The book’s final scene occurs about two or three months after the climactic events. Strange and Norrell travel to Italy together, in Hurtfew Abbey and conveyed by the Darkness. How they do this is not explained, but clearly they have quickly learned to live with and even to control the conditions of the Gentleman’s curse. Arabella is living in Padua with Flora Greysteel and her father, friends Strange had made during his time in Venice. She meets Strange for the first time since their brief reunion in Lost Hope. Naturally she asks him, “Have you found any thing yet to dispel the Darkness?”
His insouciant response is miles away from what we might expect: “No, not yet. Though, to own the truth, we have been so busy recently–some new conjectures concerning naiads–that we have scarcely had time to apply ourselves to the problem. But there are one or two things in Goubert’s Gatekeeper of Apollo which look promising. We are optimistic.” He goes on to describe the pair traveling around the world in the Darkness: “Who is to say that the Darkness may not be an advantage. We intend to go out of England and are likely to meet with all sorts of tricksy persons. An English magician is an impressive thing. Two English magicians are, I suppose, twice as impressive–but when those two English magician are shrouded in an Impenetrable Darkness–ah, well! That, I should think, is enough to strike terror into the heart of any one short of a demi-god!”
Although Strange does reassure Arabella that he and Norrell will keep trying to end the Darkness curse, he seems more enthusiastic about traveling with Norrell and having unspecified kinds of adventures. Indeed, the two magicians are still tethered together invisibly, with Norrell of necessity waiting nearby during the conversation, no doubt reading a book. Norrell, poor traveler though he is, can do all this quite comfortably because, as Strange explains, “He need never leave the house if he does not wish it. The world–all worlds–will come to us.” (pp. 781-82)
Lest we worry that Strange is caddishly deserting a weeping Arabella, Clarke sets up for the final scene by making it clear that Mrs Strange has grown tired of the stresses of life with a magician. When Flora remarks that it is “very odd that he should have gone back to his old master at last,” Arabella replies, “Is it? There seems nothing very extraordinary in it to me. I never thought the quarrel would last as long as it did. I thought they would have been friends again by the end of the first month.”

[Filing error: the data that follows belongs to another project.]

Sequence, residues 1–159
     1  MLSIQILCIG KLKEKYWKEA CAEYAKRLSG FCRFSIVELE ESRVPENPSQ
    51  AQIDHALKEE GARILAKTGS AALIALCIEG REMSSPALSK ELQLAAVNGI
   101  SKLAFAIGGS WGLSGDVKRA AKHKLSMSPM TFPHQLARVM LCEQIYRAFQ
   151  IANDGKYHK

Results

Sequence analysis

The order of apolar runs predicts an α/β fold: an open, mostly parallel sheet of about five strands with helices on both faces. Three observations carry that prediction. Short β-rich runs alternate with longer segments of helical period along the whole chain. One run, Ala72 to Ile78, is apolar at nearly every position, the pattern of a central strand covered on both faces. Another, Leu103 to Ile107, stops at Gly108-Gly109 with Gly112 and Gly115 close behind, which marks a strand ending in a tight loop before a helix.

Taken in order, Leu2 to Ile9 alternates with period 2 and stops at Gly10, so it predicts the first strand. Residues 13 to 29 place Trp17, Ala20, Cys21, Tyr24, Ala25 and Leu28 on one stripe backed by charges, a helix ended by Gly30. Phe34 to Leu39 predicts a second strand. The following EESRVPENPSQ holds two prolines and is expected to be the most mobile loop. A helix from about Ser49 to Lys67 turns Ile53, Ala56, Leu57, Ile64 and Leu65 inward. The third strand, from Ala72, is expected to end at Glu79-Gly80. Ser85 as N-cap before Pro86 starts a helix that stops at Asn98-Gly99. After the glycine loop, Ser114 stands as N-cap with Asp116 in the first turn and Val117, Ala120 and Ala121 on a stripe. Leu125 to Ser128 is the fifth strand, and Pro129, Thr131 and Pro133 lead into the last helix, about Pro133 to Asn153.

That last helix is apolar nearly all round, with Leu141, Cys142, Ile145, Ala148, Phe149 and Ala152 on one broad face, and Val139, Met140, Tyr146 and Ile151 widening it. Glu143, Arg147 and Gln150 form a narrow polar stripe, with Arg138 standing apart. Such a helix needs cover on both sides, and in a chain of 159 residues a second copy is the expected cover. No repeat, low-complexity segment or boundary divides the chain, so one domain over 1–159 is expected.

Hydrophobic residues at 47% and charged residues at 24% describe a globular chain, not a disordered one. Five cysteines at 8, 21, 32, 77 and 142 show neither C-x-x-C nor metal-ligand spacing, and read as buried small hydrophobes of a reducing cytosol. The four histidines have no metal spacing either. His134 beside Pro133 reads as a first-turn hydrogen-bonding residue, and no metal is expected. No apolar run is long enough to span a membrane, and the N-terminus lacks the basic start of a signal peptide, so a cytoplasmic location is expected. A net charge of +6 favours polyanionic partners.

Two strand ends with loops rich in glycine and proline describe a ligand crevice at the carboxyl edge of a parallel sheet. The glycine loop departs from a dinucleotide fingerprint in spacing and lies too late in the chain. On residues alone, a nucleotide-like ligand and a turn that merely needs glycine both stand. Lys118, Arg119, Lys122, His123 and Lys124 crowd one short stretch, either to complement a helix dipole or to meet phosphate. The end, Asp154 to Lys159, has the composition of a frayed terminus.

Flora objects that Norrell had attacked Strange in the magical journals. Arabella gives a reply that echoes Norrell’s speech to Strange in the parting scene.
“Oh, I dare say!” said Arabella, entirely unimpressed. “But that was just their nonsense! They are both as stubborn as Old Scratch. I have no cause to love Mr Norrell–far from it. But I know this about him: he is a magician first and everything else second–and Jonathan is the same. Books and magic are all either of them really cares about. No one else understands the subject as they do–and so, you see, it is only natural that they should like to be together.”
She has gradually settled into a pleasant social and domestic life in Padua with Flora and her father: “Of her absent husband she thought very little, except to be grateful for his consideration in placing her with the Greysteels.” (pp. 779-80) No wonder she takes Strange’s startling news about his and Norrell’s plans so calmly.
Strange and Norrell’s final design for living is not the conventional romantic ending that we surely expect, with husband and wife reunited, living happily in Shropshire and occasionally visiting Norrell. Intellectual debate and the lure of further adventures, for once, carry the day. Whether audiences would have been seriously upset at such an outcome is unclear. It would have been worth a try, I think. The series’ scene of Strange appearing to Arabella as a reflection in a well and telling her he loves her is schmaltzy and, to me at least, unsatisfactory as closure.
The series ends with Childermass and Vinculus visiting the newly re-instituted Learned Society of York Magicians (a scene which in the book precedes the Strange-Arabella conversation). The Society now consists mainly of Strangites and Norrellites. Childermass suggests to the group that Strange and Norrell are caught in some unknown place “Behind the sky. On the other side of the rain.” (p. 778) He hints that the new writings on Vinculus, if they can be deciphered, might affect the two magicians’ fates–perhaps implying that they could be rescued from the mysterious limbo in the sky into which the Darkness sucks them. Given how few rules we have been given about the Darkness, this is more vague than pleasantly ambiguous.
All the books in the world